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(a) John is at $B$, on a straight beach, 10 miles from $A$. Mary is in a boat in the sea at $C, 4$ miles from the beach (see Figure 12 ). Assuming Mary can row at 3 miles per hour and jog at 5 miles per hour, where along the beach should she land so that she may get to John in the least amount of time? Solve the problem if John is (b) 100 miles; (c) 1 mile from $A$.

(a) and(b) 3 miles(c) 1 mile from $A$

Calculus 1 / AB

Chapter 3

Applications of the Derivative

Section 4

Applications I - Geometric Optimization Problems

Derivatives

Harvey Mudd College

Baylor University

University of Michigan - Ann Arbor

University of Nottingham

Lectures

04:40

In mathematics, a derivative is a measure of how a function changes as its input changes. Loosely speaking, a derivative can be thought of as how much one quantity is changing in response to changes in some other quantity; for example, the derivative of the position of a moving object with respect to time is the object's velocity. The concept of a derivative developed as a way to measure the steepness of a curve; the concept was ultimately generalized and now "derivative" is often used to refer to the relationship between two variables, independent and dependent, and to various related notions, such as the differential.

30:01

In mathematics, the derivative of a function of a real variable measures the sensitivity to change of the function value (the rate of change of the value of the function). If the derivative of a function at a chosen input value equals a constant value, the function is said to be a constant function. In this case the derivative itself is the constant of the function, and is called the constant of integration.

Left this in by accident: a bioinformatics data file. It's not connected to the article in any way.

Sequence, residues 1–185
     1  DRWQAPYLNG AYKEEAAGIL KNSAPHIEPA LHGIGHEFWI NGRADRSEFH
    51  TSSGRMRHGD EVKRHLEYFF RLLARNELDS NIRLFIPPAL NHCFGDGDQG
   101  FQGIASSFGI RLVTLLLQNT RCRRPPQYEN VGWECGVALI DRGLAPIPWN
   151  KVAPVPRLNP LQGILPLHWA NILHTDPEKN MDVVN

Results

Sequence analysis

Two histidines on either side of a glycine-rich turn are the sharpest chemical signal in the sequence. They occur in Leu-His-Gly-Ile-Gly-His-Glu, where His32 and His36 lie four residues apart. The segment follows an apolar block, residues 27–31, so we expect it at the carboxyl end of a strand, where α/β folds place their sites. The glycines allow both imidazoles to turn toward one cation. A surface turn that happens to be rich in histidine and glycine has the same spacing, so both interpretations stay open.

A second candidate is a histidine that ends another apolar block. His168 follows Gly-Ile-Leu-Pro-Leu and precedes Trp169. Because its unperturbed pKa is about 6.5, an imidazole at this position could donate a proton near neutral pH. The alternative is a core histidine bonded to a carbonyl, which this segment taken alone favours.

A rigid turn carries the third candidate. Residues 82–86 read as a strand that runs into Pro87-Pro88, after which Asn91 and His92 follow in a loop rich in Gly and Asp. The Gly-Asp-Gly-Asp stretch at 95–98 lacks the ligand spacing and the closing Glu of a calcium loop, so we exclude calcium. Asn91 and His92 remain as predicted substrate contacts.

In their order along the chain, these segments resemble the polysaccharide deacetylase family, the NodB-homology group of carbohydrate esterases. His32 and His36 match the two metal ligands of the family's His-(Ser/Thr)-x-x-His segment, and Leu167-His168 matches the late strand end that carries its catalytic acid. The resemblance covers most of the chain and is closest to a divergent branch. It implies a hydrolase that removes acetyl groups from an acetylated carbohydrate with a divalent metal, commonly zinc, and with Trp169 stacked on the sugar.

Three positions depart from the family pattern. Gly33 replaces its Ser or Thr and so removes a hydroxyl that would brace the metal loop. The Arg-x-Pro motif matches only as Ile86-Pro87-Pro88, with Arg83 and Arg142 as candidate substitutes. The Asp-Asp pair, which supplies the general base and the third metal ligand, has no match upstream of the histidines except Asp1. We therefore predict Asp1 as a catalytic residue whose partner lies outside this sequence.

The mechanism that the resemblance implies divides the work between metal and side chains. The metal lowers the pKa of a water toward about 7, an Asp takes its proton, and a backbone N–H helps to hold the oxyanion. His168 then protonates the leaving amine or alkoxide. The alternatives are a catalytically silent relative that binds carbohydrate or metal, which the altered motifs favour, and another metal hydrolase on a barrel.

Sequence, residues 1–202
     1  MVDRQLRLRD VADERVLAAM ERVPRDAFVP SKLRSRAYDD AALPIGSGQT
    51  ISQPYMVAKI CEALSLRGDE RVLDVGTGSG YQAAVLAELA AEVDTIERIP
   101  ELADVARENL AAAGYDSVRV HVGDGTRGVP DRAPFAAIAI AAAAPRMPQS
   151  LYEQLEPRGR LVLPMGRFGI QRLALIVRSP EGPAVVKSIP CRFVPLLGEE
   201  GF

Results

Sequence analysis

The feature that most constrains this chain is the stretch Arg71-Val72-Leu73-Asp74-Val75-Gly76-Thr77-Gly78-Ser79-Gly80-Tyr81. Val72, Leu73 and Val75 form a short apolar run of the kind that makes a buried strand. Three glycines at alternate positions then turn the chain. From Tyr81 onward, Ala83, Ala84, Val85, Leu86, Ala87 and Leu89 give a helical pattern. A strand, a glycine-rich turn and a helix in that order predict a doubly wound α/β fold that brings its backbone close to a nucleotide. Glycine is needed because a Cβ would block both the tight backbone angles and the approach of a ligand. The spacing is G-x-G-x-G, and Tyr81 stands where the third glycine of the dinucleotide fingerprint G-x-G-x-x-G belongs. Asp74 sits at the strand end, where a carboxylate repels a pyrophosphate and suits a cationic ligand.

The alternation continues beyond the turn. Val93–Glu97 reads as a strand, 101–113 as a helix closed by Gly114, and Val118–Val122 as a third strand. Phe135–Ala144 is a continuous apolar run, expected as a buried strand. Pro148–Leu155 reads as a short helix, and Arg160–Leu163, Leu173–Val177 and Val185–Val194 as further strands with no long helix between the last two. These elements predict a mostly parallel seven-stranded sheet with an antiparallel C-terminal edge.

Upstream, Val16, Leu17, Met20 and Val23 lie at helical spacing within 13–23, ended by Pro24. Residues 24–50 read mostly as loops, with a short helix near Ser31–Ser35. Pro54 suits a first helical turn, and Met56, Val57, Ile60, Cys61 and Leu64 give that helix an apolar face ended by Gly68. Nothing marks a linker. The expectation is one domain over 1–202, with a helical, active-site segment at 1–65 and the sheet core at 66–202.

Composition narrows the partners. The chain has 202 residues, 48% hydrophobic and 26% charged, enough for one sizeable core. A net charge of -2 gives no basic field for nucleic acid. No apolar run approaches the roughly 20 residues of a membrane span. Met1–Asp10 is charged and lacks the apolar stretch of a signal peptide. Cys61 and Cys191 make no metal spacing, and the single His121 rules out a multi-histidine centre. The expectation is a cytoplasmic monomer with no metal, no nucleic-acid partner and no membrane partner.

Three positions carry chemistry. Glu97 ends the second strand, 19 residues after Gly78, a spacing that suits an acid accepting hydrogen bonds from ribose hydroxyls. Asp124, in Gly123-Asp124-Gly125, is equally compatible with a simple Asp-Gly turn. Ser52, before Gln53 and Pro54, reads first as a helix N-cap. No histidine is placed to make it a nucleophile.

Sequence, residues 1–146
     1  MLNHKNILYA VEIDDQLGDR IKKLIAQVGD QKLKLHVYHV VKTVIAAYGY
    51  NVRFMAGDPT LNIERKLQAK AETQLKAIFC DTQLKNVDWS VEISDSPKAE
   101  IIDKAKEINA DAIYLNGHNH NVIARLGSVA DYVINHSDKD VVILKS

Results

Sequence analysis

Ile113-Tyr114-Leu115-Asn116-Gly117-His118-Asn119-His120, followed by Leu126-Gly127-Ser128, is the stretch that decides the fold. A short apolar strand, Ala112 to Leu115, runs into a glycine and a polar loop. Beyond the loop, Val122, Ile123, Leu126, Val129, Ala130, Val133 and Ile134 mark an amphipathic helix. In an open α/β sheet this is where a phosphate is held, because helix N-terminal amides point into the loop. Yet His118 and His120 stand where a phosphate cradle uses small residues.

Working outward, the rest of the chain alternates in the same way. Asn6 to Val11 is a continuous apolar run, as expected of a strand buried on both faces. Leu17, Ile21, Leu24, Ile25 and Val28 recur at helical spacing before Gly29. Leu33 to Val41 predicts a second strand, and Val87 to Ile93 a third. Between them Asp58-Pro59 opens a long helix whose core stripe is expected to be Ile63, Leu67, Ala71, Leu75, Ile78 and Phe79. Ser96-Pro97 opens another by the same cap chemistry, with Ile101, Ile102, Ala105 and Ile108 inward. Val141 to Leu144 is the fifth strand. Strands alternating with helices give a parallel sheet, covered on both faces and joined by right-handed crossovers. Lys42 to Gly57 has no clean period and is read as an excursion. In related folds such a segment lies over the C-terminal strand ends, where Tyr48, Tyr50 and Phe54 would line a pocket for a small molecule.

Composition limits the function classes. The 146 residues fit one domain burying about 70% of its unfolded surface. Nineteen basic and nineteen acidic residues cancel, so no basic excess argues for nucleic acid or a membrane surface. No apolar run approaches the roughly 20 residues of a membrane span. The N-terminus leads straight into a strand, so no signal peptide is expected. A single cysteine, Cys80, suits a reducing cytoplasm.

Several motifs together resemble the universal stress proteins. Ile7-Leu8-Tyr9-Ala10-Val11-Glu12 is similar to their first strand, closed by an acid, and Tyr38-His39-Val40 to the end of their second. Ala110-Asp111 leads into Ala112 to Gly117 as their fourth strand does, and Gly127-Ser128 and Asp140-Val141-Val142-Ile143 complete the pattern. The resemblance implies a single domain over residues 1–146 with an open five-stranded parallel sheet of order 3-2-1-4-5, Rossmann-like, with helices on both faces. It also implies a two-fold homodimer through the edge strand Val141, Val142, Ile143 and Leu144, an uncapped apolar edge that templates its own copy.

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requires a little bit of thought. Um And I think they're kind of leaving you there with the with the question, So we have somebody in a boat out here and then another person on the beach here. The distance. So this perpendicular line from the boat to the distance from the beach to the boat, the minimum distance is A. And then the distance from there to be to this other person is B. So this is a, this is B. Now we're told that the person can row the boat at five mph and jog on the beach uh throw the boat at three miles an hour and jog on the beach or five miles. So what we want to know what is the optimal landing point for the boat? Now we need to, so I define this is C. So the distance from the perpendicular line from the original position of the boat to the beach throughout the afternoon point where they land. And so then this distance is square root of a squared plus C squared. And then this distance is, well technically I guess I should put an absolute value in here too is um be absolute value of B minus C. Because B could be less than C. So C. Is down here of B. Is here. Yet. You know, basically we could have a situation where we overshoot um So we need to be careful with that. So we can Right this. So a total time is the distance growing divided by three MPH Plus distance jogging divided by five mph. Now one way you can take through this absolute value of B is to do this. So that's basically defined as the that's the absolute value. So you can do that and you can use that to take the derivatives if you want. Or you can see that this winds up being just minus 1/5 times a sign, the SGN of B minus A or b minus C. And so you'll see here that you'll get like a B minus C. All over a square root of B minus c squared. So you know this is the absolute value and this is the value. So we just get this would be the sign of the argument. So we get this and now what we can do is in this first case they say, okay that's that A equals Now be was 10 miles And a. Was a. is four miles. So we Put that into here and we try to solve this for zero. Make this is equal to zero And we get an optimal value of four. A over three. A over four. But that's only true if B. is greater than three. Um and we'll see that in that's why in a second. So if for 10, see what, see would just be if S four C. Would be three miles. So Go you know here this would be five miles And this would also be five miles. Now if um if she is A if B is 100 in the second part of the problem then we can see that. Well we still get, we get um five miles and then uh This is three, this was three, so this was his five and this is seven in the first case, five and 7 And then we get five and 97. It was 100 miles. So it doesn't, If B is greater than three then we basically always row the boat on this diagonal here. A role that about five miles. Now if B is less than three Then we can see that if we just play around a little bit. So if we pull again a is four and B is you know something less than three we can see that we have no solution. There's no value with this equals zero. Um and that that's where basically we get into a problem so we have no value. What we can't make, this equals zero. But what we can see here is if we plot t. So say say this was equal to this was the case when c equals one. Okay. And this is T. And this is um mm no, this was the case. That insight, This is B or one and this is seat. So if we plot that we can see what happens is that there's a kink here. Now for other values of B we get something like this. Now get something like this, we still have a kink but it would basically, we'd have a king. So we have something like this, we have a minimum, that was not not at the king. So here we see that we have a kinky. So it's a discontinuous function here. I mean it's not a smooth function here. So the the derivative is not defined there, so we can see the driver that was negative here and positive here. So our minimum occurs at the kink and that's why we have to be careful here because that kink always occurs when C equals B. And so when C is when B is less than three, our minimum occurs at the kink here. And so this over here is a plot of this is T. And then this is, let's see this is B. And this is C. So when we, when we plot this like this, we can see that our minimum goes from here, the heat goes up like this be, we'll see you in this region the optimal. And then we go up here basically just C equals equals. Again, this is these are all with these are all with a equals four. And so we can see that then over here we just wind up with C was three For any be greater than three. So again, um you know, there's always this kink here, like if we take any value of being, but we wind up with a minimum away from the king. Um when B is greater than three, but we don't we don't have a minimum away from the king. We just have, the king could be is less than or equal to three. So again, um we have to be a little careful. So in the end, when he is when C. One B. Is one mile, then see also should be one mile. So she should just basically wrote directly to him.